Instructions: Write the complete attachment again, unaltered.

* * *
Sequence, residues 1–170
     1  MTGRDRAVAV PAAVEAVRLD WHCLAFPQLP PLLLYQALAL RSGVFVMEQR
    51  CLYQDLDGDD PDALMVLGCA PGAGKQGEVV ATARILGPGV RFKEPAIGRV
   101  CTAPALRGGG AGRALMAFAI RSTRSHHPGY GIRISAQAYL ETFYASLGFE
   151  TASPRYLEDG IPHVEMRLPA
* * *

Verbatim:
Sequence, residues 1–170
     1  MTGRDRAVAV PAAVEAVRLD WHCLAFPQLP PLLLYQALAL RSGVFVMEQR
    51  CLYQDLDGDD PDALMVLGCA PGAGKQGEVV ATARILGPGV RFKEPAIGRV
   101  CTAPALRGGG AGRALMAFAI RSTRSHHPGY GIRISAQAYL ETFYASLGFE
   151  TASPRYLEDG IPHVEMRLPA